An unashamedly romantic piano concerto will bring together piano soloist Hanja Bantock with her conductor husband Bjorn for a concert with St Albans Symphony Orchestra on Saturday 27th April (7.30pm, St Saviour’s Church, Sandpit Lane, St Albans).
When Robert Schumann’s piano concerto received its first performance in 1846, his wife, Clara, was the soloist. Hanja, who will be performing the work for the first time, considers this more than appropriate. “A lot of the really famous concertos were written by or for male pianists with really big hands, which makes them inaccessible for me. In the Schumann, there are no chords that stretch beyond an octave and I think that is because he wrote it with his wife in mind,” she said.
She and Bjorn met through music in South Africa when both were semi-finalists in a national competition for young musicians. Bjorn, playing ‘cello, went forward to the next round and persuaded Hanja to play piano in the work he had chosen for the final. “I rang her up and she told me she’d played it before,” he said. “It was only years later I found out that wasn’t strictly true!”
According to Hanja: “I just agreed to do it because I liked the idea of playing it with him. So I got the music out of the library and practised like mad for a week.”
The couple both subsequently moved to England, studying at the Royal Northern College of Music. Hanja went on to post-graduate studies at London’s Guildhall School of Music. They used to perform as a piano – ‘cello duo. But working together as soloist and conductor is, both insist, less stressful: “The duo was a success and people liked our performances but we argued over absolutely everything in rehearsals,” said Bjorn.
Hanja said: “When Bjorn is conducting it works much better. We don’t have to spend so much time practising and when we get to the final stages preparing for the performance, I feel really secure.”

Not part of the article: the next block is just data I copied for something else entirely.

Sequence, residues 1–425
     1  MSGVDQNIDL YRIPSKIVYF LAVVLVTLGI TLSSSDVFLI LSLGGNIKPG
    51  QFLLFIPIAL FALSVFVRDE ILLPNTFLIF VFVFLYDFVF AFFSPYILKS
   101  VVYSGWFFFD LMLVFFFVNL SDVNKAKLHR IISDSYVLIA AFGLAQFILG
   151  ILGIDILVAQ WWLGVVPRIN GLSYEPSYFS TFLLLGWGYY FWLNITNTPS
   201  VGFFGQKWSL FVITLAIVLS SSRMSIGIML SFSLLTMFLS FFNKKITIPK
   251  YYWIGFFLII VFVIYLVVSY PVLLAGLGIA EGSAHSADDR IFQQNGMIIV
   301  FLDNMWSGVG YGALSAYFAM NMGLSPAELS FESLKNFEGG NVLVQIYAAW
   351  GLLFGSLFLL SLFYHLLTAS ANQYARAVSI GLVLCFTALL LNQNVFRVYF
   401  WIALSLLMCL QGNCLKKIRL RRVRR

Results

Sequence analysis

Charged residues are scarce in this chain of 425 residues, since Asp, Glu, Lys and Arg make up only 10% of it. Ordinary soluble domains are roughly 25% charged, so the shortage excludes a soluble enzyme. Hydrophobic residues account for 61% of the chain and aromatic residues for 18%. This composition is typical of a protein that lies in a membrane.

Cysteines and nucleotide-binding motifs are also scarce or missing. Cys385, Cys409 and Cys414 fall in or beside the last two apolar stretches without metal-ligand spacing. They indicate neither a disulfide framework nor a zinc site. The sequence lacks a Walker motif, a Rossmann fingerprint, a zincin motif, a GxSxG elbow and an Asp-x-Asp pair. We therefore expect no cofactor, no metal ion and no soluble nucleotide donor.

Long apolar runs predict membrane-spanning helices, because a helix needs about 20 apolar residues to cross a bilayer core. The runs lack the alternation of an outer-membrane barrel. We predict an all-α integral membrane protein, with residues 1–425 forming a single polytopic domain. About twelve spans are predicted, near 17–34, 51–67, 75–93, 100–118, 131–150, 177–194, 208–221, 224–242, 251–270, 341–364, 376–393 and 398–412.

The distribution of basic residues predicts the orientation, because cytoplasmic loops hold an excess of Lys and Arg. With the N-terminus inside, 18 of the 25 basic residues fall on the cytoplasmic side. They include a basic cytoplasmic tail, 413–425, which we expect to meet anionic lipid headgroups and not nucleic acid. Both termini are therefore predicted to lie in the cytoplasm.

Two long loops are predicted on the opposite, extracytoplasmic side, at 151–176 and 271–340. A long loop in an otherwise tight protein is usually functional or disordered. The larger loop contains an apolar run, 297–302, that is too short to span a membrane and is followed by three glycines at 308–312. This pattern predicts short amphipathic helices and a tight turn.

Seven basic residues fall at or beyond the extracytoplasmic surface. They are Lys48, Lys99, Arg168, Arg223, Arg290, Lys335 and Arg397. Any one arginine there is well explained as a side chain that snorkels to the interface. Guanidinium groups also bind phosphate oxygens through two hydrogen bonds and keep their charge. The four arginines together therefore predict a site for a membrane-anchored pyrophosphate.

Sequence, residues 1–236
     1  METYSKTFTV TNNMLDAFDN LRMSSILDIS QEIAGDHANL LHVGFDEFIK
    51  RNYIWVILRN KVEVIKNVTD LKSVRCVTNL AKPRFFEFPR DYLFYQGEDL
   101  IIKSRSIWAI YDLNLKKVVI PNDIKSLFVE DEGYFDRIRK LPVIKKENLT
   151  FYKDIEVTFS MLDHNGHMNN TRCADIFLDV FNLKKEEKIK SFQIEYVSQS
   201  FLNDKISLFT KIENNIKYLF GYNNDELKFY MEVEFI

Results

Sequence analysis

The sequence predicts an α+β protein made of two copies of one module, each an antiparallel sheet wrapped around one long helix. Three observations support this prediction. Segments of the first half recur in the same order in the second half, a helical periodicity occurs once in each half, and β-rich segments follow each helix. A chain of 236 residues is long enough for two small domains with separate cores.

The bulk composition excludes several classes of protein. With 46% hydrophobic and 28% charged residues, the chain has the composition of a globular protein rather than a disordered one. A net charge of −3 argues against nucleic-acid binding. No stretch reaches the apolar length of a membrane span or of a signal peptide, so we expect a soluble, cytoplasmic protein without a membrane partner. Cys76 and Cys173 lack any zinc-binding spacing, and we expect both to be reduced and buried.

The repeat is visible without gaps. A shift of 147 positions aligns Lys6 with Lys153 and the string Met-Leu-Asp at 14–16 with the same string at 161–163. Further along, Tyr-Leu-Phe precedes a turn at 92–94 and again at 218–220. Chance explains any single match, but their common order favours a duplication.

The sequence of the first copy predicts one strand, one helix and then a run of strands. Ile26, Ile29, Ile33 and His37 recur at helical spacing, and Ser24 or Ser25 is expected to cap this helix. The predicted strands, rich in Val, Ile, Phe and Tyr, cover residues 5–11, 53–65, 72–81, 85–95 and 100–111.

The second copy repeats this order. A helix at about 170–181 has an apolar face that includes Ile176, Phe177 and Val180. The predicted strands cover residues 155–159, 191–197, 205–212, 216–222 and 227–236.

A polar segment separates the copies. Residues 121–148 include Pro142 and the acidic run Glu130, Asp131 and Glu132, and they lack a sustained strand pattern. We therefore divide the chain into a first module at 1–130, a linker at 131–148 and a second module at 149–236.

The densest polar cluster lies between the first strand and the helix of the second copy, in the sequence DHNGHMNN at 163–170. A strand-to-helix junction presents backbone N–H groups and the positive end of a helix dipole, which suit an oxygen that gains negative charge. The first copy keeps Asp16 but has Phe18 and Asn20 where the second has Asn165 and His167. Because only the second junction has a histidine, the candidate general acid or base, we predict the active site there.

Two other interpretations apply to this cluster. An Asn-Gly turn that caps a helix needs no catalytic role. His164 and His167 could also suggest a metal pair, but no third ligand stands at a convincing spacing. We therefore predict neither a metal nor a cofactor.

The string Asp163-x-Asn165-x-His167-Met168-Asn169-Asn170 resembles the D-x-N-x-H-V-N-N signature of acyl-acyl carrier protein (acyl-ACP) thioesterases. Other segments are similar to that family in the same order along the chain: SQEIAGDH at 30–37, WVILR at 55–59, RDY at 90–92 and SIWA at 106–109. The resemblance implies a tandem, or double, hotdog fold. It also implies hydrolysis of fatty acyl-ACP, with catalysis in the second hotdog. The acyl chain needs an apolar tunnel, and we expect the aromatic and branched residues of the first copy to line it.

In addition to the Schumann concerto, Bjorn will be conducting Ludwig van Beethoven’s Symphony No 7. A strong candidate for anyone’s list of the greatest symphonies ever written, its rhythmic exuberance led the composer, Richard Wagner, to describe it as “the apotheosis of the dance”. It will be the third Beethoven symphony that SASO has performed in a sequence due to culminate with the ‘Choral’ Symphony in 2015 as part of celebrations for the 800th anniversary of Magna Carta.
SASO will also be performing the colourful suite that 20th century Hungarian composer Zoltan Kodaly assembled from his folk opera Hary Janos. A huge orchestra sneeze opens the work: a sure sign in folklore that the story you are recounting must be true. Except that what follows are an old soldier’s increasingly tall musical tales.
Completing the programme is Adjustable Wrench, a short work by the contemporary American ‘post-minimalist’ composer, Michael Torke. This mingles classical music forms with ideas taken from jazz, and even rock music.
Tickets: £14, £10 (Under-18s £1, Students £5) from the SASO Ticket Secretary (01727 857422); firstname.lastname@example.org; or online (booking fee applies)